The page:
Target 3rd-qtr profit grows 15 per cent; outlook for holiday shopping season tops Wall St. view

MINNEAPOLIS – Target, the American retail giant that is coming to Canada next year, says its net income climbed 15 per cent in the third quarter, helped by a gain related to the pending sale of its credit-card business to a big Canadian bank.

Heading into the critical holiday shopping season, the Minneapolis company’s outlook is well above analyst expectations.

Target, which plans to open up to 135 stores in Canada beginning in 2013, said it is optimistic about the holiday period, which can make up 40 per cent of a retailer’s annual revenue.

The cheap-chic chain cites its new price matching program and a holiday collection partnership with luxury department store Neiman Marcus.

For the three months ended Oct. 27, Target Corp. earned $637 million, or 96 cents per share. That’s up from $555 million, or 82 cents per share, a year earlier.

The current quarter’s performance included a 15-cent gain tied to the retailer’s sale of its consumer credit-card business to TD Bank Group.

Target, which had been looking for a buyer for nearly two years, announced the deal last month.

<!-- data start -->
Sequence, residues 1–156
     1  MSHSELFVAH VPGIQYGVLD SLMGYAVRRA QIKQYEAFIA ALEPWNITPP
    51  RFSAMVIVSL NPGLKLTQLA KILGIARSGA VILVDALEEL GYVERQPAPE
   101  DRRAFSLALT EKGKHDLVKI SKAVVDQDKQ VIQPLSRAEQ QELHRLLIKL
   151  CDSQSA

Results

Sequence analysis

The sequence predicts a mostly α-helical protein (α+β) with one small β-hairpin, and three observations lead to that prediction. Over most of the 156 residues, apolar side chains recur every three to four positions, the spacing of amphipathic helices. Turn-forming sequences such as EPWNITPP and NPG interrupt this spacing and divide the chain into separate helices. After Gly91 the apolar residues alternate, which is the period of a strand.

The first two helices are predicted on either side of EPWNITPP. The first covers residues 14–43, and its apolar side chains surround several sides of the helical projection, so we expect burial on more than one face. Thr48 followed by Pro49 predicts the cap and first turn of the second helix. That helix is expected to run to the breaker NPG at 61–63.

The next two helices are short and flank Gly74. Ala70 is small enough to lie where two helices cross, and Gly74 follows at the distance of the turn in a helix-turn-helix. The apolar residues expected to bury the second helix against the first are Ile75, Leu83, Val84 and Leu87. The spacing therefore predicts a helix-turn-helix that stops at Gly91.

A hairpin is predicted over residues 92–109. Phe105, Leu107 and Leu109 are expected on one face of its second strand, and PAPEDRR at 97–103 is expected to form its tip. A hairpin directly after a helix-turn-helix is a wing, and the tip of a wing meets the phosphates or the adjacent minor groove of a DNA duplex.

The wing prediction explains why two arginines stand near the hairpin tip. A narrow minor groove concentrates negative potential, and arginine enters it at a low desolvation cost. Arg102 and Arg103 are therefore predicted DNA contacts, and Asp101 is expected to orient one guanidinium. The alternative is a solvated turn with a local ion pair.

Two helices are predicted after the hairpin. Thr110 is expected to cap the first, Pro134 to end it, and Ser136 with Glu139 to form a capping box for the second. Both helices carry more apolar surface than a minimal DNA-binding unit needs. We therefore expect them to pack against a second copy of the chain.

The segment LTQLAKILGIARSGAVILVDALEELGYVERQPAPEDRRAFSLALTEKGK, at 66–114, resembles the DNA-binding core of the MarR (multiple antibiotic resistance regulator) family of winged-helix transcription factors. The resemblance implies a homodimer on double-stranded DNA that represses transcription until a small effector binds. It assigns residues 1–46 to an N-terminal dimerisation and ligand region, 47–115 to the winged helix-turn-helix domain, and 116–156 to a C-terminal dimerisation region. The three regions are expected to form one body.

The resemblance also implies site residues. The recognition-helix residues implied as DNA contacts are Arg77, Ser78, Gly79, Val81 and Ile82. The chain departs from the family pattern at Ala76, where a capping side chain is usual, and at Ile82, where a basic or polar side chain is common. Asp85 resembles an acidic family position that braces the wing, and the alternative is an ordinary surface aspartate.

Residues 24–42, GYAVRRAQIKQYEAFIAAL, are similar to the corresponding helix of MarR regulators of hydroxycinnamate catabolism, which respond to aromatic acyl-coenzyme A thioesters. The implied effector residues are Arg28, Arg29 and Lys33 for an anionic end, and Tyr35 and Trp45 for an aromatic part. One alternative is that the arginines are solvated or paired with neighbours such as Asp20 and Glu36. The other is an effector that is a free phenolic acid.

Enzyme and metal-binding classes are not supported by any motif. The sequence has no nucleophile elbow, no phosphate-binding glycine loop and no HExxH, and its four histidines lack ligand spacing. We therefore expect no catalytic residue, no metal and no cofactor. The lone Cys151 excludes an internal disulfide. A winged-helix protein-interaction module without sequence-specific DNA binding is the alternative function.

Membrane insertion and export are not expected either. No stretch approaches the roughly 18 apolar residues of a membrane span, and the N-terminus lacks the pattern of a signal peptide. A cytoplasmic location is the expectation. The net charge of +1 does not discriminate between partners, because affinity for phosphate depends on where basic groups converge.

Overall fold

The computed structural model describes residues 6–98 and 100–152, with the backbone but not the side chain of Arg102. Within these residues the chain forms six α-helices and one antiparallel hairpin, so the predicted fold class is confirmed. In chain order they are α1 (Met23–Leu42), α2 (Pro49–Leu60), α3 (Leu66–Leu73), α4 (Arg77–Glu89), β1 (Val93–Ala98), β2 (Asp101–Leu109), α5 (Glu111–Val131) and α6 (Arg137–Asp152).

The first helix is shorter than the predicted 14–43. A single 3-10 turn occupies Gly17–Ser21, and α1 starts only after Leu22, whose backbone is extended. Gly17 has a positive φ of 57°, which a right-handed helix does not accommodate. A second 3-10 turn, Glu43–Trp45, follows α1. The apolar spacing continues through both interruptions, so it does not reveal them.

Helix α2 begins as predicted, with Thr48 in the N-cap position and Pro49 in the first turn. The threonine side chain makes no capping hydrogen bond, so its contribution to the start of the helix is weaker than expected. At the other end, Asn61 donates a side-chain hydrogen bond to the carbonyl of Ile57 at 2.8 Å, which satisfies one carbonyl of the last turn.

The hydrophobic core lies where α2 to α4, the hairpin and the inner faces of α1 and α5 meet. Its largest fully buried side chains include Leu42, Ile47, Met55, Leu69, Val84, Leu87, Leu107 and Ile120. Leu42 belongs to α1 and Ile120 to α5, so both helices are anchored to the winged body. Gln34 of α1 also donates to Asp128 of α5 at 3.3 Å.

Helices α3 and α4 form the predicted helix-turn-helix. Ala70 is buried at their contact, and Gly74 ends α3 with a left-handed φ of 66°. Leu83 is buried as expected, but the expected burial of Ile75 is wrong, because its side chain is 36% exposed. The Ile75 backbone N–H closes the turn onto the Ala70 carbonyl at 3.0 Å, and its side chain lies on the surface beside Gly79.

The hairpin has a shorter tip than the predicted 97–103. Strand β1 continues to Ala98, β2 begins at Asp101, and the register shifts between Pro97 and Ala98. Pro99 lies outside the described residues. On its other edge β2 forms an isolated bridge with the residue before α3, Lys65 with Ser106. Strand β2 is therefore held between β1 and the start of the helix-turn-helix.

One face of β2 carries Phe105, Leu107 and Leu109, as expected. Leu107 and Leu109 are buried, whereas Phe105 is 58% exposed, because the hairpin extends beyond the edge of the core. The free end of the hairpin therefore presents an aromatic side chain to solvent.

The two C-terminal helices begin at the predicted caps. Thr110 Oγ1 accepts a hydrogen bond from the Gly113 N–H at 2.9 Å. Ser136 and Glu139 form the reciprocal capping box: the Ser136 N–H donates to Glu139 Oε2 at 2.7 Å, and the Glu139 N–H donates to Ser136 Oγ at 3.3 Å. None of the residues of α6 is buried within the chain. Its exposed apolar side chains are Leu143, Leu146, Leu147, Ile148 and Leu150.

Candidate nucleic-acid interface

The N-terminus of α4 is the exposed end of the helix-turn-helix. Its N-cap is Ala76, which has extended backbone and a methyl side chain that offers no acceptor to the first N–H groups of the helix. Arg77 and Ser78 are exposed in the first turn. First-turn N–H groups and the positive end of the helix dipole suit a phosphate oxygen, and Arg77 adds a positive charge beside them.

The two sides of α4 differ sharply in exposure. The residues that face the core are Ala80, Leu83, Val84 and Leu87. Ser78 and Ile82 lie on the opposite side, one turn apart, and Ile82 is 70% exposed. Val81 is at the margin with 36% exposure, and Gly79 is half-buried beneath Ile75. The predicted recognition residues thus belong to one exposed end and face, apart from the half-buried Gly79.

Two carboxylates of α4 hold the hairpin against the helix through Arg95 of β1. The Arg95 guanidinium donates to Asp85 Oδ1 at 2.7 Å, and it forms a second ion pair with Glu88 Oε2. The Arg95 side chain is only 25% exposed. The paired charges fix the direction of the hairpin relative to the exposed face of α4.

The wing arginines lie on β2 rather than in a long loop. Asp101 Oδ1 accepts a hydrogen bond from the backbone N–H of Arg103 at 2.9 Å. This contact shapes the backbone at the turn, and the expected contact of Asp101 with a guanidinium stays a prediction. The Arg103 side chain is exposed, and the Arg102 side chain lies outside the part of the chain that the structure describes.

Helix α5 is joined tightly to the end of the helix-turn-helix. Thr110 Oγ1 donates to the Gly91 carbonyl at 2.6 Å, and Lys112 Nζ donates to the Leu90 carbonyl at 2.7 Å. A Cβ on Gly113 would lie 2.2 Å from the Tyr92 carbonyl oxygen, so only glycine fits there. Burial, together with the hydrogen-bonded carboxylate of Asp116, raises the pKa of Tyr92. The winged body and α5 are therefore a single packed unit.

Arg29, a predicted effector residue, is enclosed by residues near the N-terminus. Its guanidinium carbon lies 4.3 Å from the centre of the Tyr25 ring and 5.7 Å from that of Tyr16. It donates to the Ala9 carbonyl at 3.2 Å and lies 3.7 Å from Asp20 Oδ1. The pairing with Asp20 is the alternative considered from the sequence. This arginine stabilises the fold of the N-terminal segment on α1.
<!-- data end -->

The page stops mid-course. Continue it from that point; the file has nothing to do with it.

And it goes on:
Removing certain items, the chain’s earnings were 90 cents per share. Analysts expected 78 cents per share, according to a FactSet poll.

Revenue climbed three per cent to $16.6 billion from $16.05 billion, but missed Wall Street’s $16.91 billion forecast.

Revenue at stores open at least a year, a key retail metric, rose 2.9 per cent, slower than last year’s 4.3 per cent increase. This figure excludes results from stores recently opened or closed.

For the fourth quarter, which includes the key holiday shopping season, Target anticipates adjusted earnings of $1.64 to $1.74 per share. Analysts predict $1.50 per share.

Target’s stock added 72 cents, or 1.2 per cent, to $62.10 in premarket trading Thursday.

Earlier in the day rival Wal-Mart Stores Inc. reported that its third-quarter net income climbed 9 per cent, but sales missed Wall Street’s expectations. The world’s biggest retailer narrowed its earnings guidance for the year and issued a fourth-quarter profit outlook that’s below analysts’ forecast.